Thursday, February 23, 2012

Revision: "Labyrinths"



Set in a grid, the streets of San Telmo should have been easy to navigate, but the symmetry meant all intersections looked the same. All corners were rightangled. Inside the maze, it was hard to remember which direction was north. The streets were named after countries in the Americas, and so we wandered up and down Venezuela, Perú and Chile, or did we wander east and west? The world map was useless. Here, in Buenos Aires, Estados Unidos was south of México.

Where was the oldstyled parilla al carbón we liked? What was its name? On our last afternoon we stumbled on La Poesia Café and sat beside Victoria Ocampo at the bar.


Friday afternoon milonga at the Confitería Ideal. The mazy footwork of tango crisscrossed the palatial dance hall. The light was the color of dust. After a set of songs, the dancing couples released each other and returned to their own tables. The women sat along one wall like a gallery of yellowing photographs. The men hardly touched their beer. A short elderly woman threaded her way through the small tables and asked me to dance. Shaking my head, I smiled hard so that she would not be too offended by the rejection. She retreated like a small animal from a baited trap. I could not look her way again.


We searched desultorily for Eva Peron’s final resting place at La Recoleta. The sun was burning. The champion of women’s suffrage was locked in the Duarte family vault. Music, music, please!


The Rochester Concept Hotel, where we stayed, did not have a gym. To get to the gym, you had to go around the block to the Rochester Classic Hotel. To change hotels, you had to pay US$30.00 more for each night. The leg of our bed flew out one night. We made the change. The new room was bigger, it had a bath, but now you missed the private balcony and said so. There was no winning with you on this trip.

A hotel is a labyrinth with your own room key.


So many Caucasian porteños. Blond hair, skin. Where are the Indians?

Back in New York City, I made the observation to a colleague who asked about my vacation. My friend, who teaches history, explained that the European immigrants killed the Indians off to clear the pampas for rearing cattle. Charles Darwin wrote about a Spanish governor putting out the eyes of an Indian with his thumbs.


We were used to seeing old Chinese women rummage through trash for recyclable bottles and cans on the streets of New York City. In Buenos Aires boys did the same, looking for paper, sitting on the sidewalks amidst the spilling garbage.

Downtown Buenos Aires celebrated New Year's Eve by throwing confetti, made from shredded office documents, down to the streets. Somebody had to pick up the bits of paper the next day. Send in the boys, now mutated into ashy men hanging off the municipal dump trucks.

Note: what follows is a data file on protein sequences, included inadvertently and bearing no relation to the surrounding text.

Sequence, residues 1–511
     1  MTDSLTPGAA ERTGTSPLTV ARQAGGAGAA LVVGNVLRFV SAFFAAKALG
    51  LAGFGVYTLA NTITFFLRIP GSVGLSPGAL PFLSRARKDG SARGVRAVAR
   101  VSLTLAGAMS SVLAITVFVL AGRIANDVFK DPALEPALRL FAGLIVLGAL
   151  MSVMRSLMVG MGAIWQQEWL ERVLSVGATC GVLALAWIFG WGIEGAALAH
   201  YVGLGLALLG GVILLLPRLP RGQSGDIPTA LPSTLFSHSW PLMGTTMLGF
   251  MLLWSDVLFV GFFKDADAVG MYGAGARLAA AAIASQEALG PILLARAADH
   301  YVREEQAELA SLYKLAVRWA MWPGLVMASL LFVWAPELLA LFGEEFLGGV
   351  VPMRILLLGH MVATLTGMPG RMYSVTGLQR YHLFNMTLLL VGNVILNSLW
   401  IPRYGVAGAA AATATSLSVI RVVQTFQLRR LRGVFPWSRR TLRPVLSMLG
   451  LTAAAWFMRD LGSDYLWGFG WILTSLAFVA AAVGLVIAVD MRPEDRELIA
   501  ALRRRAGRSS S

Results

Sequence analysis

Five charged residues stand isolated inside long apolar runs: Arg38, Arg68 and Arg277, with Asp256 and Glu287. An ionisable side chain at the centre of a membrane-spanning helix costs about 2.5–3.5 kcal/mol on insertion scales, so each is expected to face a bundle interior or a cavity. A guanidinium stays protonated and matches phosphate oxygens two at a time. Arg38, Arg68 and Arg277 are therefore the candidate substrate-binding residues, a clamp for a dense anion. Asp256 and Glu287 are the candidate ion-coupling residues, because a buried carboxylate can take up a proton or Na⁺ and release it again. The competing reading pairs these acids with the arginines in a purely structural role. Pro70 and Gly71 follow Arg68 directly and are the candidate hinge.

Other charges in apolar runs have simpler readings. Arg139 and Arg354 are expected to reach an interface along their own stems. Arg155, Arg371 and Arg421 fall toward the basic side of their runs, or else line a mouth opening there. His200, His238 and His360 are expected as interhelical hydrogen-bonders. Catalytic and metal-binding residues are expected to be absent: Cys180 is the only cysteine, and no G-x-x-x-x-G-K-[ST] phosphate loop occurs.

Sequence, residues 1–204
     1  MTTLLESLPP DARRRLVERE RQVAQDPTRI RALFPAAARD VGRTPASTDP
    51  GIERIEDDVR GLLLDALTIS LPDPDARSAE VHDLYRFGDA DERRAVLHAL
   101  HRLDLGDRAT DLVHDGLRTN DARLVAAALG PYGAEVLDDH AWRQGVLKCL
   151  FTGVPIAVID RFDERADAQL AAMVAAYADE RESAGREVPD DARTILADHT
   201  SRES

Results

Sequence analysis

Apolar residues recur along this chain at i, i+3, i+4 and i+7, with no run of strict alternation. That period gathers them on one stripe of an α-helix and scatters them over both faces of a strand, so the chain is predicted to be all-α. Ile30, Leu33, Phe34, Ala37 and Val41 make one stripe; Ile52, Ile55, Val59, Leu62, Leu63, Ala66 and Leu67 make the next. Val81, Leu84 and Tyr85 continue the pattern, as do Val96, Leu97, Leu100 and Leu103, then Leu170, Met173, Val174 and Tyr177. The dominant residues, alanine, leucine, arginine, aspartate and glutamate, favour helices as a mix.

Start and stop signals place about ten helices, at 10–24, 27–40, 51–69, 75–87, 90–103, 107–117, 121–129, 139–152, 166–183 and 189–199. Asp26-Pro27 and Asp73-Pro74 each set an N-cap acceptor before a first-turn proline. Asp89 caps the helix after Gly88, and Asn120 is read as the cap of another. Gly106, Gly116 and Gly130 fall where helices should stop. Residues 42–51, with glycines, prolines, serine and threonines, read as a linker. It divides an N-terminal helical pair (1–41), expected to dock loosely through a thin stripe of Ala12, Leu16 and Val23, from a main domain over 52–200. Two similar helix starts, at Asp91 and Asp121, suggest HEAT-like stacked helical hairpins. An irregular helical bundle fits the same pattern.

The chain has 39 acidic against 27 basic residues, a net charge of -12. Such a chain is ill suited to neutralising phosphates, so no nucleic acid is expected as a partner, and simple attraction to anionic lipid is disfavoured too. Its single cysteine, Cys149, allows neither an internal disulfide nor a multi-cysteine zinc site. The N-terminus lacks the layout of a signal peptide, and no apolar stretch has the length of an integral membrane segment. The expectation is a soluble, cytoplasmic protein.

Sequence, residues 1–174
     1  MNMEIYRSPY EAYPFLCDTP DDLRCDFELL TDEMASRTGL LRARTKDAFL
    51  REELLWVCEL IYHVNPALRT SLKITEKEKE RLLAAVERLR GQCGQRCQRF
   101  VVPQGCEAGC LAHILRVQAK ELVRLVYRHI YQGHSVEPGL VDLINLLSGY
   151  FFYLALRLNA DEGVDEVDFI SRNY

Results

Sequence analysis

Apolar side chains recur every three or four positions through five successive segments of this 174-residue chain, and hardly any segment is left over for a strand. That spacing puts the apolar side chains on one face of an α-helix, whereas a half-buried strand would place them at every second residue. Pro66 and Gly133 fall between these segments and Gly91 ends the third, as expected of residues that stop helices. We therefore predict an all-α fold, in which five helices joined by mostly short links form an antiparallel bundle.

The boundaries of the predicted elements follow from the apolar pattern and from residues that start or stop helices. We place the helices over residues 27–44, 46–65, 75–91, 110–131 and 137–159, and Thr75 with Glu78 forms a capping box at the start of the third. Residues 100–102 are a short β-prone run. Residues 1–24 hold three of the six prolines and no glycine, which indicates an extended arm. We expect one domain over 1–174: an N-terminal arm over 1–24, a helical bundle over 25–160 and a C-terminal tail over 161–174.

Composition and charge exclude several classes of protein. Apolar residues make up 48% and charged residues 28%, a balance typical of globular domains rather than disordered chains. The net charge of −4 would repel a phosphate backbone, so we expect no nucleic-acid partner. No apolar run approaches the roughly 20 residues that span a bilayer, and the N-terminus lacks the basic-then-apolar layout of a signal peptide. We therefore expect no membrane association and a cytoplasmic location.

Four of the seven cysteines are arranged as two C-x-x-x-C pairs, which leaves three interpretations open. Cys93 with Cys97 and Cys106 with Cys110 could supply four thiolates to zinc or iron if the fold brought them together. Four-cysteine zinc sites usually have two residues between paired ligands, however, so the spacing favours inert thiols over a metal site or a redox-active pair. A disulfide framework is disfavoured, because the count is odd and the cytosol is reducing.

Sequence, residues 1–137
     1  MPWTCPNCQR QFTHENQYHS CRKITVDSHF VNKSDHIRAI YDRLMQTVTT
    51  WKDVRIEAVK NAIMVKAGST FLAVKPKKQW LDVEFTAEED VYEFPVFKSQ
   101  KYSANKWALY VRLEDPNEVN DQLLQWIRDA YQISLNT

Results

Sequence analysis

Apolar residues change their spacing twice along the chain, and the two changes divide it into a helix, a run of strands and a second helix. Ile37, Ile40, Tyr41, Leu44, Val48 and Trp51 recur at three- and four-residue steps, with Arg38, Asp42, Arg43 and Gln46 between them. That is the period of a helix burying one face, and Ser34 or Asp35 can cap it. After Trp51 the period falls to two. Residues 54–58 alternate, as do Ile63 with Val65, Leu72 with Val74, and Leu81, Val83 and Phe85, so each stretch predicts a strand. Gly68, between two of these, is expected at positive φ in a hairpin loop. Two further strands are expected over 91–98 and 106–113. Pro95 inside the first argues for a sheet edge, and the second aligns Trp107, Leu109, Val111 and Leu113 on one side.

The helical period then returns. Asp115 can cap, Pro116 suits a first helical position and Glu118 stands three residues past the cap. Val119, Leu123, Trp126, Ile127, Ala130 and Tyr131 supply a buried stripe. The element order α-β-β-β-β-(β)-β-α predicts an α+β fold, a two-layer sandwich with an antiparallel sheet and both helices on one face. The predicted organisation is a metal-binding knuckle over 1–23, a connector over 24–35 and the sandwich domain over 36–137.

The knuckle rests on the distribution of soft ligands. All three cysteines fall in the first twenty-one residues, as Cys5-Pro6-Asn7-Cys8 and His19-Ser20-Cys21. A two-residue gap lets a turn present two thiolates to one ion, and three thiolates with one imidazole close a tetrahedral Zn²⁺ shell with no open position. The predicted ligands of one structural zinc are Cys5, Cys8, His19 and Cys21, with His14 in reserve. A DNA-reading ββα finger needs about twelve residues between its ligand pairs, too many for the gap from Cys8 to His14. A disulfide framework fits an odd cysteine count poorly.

In the nearly lifesized painting Manifestación by Antonio Berni, the demonstrators pressing towards you look in every direction. You are relieved to find a pair of eyes looking straight at you, as if to say this is the way out.


This Japanese woman, short hair, in a white suit, came this way before me. She looks nothing like Virgil in the photograph, or what I imagine Virgil to look like. Of her journey she wrote,

            I travel through city streets where right turns are prohibited
            Turning endlessly to the left, heading toward the center of the labyrinth
            Led by the blinking stoplights, turning left and left again
            (This is the direction of death)


Men and women, they walked through the train cars and left whatever they were selling on the thighs of the seated commuters: lottery ticket, pocket guidebook, page of stickers. Then they retreaded their steps and retrieved their wares. It was a kind of contact, rhythmic, fleeting, closer than the oratory of a pious plea or the seduction of a folk guitar on the New York subway.

Our longest train ride was our daytrip to Tigre, a town built on the Paraná Delta. The only way to explore the web of rivers and streams was by boat. But the vintage mahogany commuter launches would not ferry you up and down every waterway; they plied a certain route.

"Tigre" means jaguar, Panthera onca, which used to roam the area. Once in a while the news reports a sighting. Then people brace themselves for a train wreck.


I read Borges’s Labyrinths in the labyrinths of Buenos Aires. Afterwards I wrote on my weblog, “There are marvels in Borges's mazes, but there are no monsters, or, more precisely, the monster is the maze.” The entry was dated Saturday, January 07, 2012.

Three days before the train crash at Once Station that killed 49 passengers and drove one car nearly 20 feet into another, a black jaguar was sighted swimming in the Paraná Delta. A coincidence? The difference between onca and Once is only one letter.


The monster is the marvel too.

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